At the Delaware River wharf where Appalachian coal trains once unloaded their cargo, 108 rail tankers lined up Tuesday to deliver a new distant energy source - crude oil from North Dakota.

The Eddystone Rail Facility, built on leased land surrounding an aging Exelon Corp. power plant, is the latest oil-by-rail facility to open in the area, adding capacity to handle the cheap domestic crude oil that has become the salvation of the region's financially embattled refineries - but has also raised safety concerns about unprecedented rail movements of oil.

"If we didn't do what we did, the refineries are gone," said Jack Galloway, who created Eddystone Rail Co. and enlisted Enbridge Inc., one of North America's largest energy distributors, as the operating partner in the project.

The Eddystone facility is designed to receive 80,000 barrels of light North Dakota crude a day, where it is unloaded into a storage tank, and then pumped onto barges and delivered to refineries along the Delaware River. The investors aim to eventually double capacity to 160,000 barrels a day, or about two "unit" trains containing 120 rail cars.

Philadelphia Energy Solutions and PBF Energy opened oil-by-rail yards last year at their refineries to cash in on the reduced cost of domestic oil compared with imports.

The Eddystone Rail Co. is a merchant operation. "We're not married to a single refinery," said Galloway.

One client is the Monroe Energy refinery owned by Delta Air Lines just a few miles away in Trainer, which does not have room for its own rail yard. Monroe currently receives its domestic crude by barge from Albany, N.Y., where it is delivered by rail at a Hudson River terminal.

As with many energy booms, this oil-by-rail phenomenon comes with a dark side.

A series of fiery derailments in the last year involving North Dakota Bakken crude oil has raised concerns about whether authorities are fully prepared for the risks.

The environmental group Clean Water Action on Monday submitted a right-to-know request to Philadelphia's Office of Emergency Management, demanding that it release risk assessments, evacuation plans, and response plans to communities along the rail routes.

"The city cannot wait for a disaster to take action," said Mary Donahue, a spokeswoman for the group.

Galloway does not dismiss safety concerns, but said oil and other hazardous commodities have been moving by rail through populous areas for a long time, and industry is responding by improving safety measures.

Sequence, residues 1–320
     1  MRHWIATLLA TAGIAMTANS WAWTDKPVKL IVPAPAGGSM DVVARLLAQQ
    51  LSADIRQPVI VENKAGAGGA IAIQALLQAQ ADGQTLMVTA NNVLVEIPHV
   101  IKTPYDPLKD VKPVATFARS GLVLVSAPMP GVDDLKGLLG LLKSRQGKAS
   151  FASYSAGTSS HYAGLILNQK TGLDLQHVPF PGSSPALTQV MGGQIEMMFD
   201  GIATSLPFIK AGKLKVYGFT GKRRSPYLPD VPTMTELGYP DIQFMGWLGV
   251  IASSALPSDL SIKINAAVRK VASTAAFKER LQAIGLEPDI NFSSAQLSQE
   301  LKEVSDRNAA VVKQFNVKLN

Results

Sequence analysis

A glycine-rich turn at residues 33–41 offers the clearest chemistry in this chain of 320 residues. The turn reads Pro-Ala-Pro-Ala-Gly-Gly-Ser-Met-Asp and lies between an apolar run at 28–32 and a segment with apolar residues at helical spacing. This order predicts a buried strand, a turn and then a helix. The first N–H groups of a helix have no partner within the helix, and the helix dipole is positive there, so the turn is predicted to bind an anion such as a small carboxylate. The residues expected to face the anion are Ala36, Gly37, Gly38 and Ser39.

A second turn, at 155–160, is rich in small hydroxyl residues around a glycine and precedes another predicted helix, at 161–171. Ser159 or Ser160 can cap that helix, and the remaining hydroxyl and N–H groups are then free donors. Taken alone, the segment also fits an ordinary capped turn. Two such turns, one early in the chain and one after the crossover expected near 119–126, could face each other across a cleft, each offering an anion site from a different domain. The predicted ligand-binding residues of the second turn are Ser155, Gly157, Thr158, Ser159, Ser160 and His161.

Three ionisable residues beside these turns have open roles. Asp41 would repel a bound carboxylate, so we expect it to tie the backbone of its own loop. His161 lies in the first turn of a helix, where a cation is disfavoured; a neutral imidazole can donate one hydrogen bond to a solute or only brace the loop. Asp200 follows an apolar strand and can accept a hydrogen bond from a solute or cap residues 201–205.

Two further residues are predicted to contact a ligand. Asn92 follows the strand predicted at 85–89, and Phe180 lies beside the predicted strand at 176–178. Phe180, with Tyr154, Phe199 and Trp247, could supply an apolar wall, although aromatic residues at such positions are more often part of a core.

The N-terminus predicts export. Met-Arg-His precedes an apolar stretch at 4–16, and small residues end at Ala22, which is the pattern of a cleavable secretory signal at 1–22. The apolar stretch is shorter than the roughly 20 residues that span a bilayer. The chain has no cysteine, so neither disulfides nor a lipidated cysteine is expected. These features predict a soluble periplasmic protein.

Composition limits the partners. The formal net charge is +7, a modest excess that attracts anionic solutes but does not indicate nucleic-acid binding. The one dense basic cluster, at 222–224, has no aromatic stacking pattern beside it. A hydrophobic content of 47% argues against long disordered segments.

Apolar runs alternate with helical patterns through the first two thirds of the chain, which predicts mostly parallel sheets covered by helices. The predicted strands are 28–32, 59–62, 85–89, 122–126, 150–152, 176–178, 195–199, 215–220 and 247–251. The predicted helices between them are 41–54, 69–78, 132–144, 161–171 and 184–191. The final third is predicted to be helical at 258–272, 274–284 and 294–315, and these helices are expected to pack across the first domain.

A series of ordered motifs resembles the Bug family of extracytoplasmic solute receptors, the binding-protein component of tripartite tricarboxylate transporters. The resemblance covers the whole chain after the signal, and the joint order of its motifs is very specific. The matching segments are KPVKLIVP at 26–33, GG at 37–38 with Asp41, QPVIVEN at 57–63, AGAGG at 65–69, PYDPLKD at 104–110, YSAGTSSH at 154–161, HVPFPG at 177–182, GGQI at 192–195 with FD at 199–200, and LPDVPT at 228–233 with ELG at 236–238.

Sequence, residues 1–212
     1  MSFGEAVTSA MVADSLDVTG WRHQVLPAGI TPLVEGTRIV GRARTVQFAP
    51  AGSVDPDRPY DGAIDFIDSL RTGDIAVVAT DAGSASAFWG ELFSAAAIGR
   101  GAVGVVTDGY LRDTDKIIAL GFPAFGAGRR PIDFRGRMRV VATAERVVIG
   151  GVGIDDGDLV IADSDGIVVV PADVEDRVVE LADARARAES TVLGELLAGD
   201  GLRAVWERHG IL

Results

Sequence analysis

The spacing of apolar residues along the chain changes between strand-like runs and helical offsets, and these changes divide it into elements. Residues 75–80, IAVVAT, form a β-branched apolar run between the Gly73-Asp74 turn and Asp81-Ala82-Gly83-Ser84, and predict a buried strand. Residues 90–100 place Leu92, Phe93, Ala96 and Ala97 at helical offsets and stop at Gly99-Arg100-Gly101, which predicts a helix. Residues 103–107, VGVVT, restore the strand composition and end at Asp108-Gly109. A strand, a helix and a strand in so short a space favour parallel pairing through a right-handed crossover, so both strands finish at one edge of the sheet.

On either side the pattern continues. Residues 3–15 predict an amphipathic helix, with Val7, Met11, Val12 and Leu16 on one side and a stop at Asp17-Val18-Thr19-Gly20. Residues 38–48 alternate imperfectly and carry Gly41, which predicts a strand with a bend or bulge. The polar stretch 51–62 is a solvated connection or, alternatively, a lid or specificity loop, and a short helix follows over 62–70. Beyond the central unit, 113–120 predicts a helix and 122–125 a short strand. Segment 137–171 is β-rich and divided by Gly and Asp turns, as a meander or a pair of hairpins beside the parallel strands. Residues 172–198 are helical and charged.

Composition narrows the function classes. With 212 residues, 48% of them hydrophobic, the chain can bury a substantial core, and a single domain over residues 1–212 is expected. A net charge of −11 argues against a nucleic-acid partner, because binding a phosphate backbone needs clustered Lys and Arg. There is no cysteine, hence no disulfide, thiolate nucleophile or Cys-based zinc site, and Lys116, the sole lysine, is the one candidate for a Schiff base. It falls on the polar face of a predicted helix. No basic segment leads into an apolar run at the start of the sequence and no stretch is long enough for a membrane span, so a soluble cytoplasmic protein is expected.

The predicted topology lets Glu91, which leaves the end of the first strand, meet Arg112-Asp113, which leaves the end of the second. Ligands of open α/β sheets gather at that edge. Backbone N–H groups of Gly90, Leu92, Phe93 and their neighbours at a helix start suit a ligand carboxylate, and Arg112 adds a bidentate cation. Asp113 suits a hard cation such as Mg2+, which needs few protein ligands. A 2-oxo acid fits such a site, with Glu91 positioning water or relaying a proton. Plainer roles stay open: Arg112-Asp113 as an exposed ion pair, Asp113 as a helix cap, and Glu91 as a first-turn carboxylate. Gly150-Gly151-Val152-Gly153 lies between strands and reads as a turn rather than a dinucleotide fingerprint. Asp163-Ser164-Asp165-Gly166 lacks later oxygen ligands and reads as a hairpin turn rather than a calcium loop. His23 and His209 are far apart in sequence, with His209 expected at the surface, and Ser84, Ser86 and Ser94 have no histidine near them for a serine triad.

"If that's the way to save a domestic refining business and improve the balance of trades, then everybody has to step up," he said.

The Eddystone project cost $140 million to build, twice its initial estimate. Construction costs soared because of winter-weather delays. More than 600 people were involved in laying the tracks, restoring an existing 200,000-barrel storage tank on the site, and installing pumps and pipe work.

Enbridge employs 11 people to manage the facility. An additional 33 are employed by Railserve Inc., the contractor that switches the trains, pumps out the rail cars, and loads the barges.

The mile-long trains are broken into two parts and travel like a merry-go-round on two concentric loops of rail that encircle the Exelon power plant. Forty cars can be unloaded at one time. The facility contains 14,000 feet of rail.

The facility is linked to Conrail's Chester Industrial Secondary line. The route is served by Norfolk Southern and CSX rail lines.

Steven Turnbull, Enbridge's senior manager of rail services, called the facility state-of-the-art. It includes an underground containment system to collect any spills, a foam fire-suppressant system, and monitors to detect explosive gas leaks.

"I've spent 37 years in the refinery business and I have never seen the level of atmospheric detection system we have here," said Turnbull.

The facility also includes a vapor recovery system to collect the emissions from the crude oil and pump them back into the railcars.

"We export the fumes back to North Dakota," said Erik L. Johnson, the vice president of Canopy Prospecting.

Tuesday's Norfolk Southern train, the second to make a delivery to Eddystone since the facility was inaugurated last week, arrived at 4 a.m., so its transit through the Philadelphia area was largely unnoticed.

The black tank cars, which each hold 700 barrels or 29,400 gallons of crude oil, were of a newer, sturdier design that the industry is under pressure to adopt because older cars are vulnerable to puncture during derailments.

The cars are owned by Bridger Logistics L.L.C., the Dallas trading firm that is marketing the oil moved through the Eddystone facility.

While much of the public discussion of the crude-by-rail boom has focused on safety issues, the industry says the domestic oil boom has saved the country billions of dollars in imports.

The head of the Carlyle Group, the investment firm that rescued the former Sunoco refinery in South Philadelphia in 2012, last week said that domestic crude now accounts for most of the raw material processed at the Philadelphia Energy Solutions refinery.

The switch to domestic crude reduced oil imports by $10 billion a year, Daniel A. D'Aniello, chairman and cofounder of the Carlyle Group, told the Greater Philadelphia Area Chamber of Commerce.

"We're sort of still waiting for the thank-you note from the White House," he said.

Nearly a quarter of all of the oil produced in North Dakota is now consumed at the Philadelphia refinery, he said.

215-854-2947 @Maykuth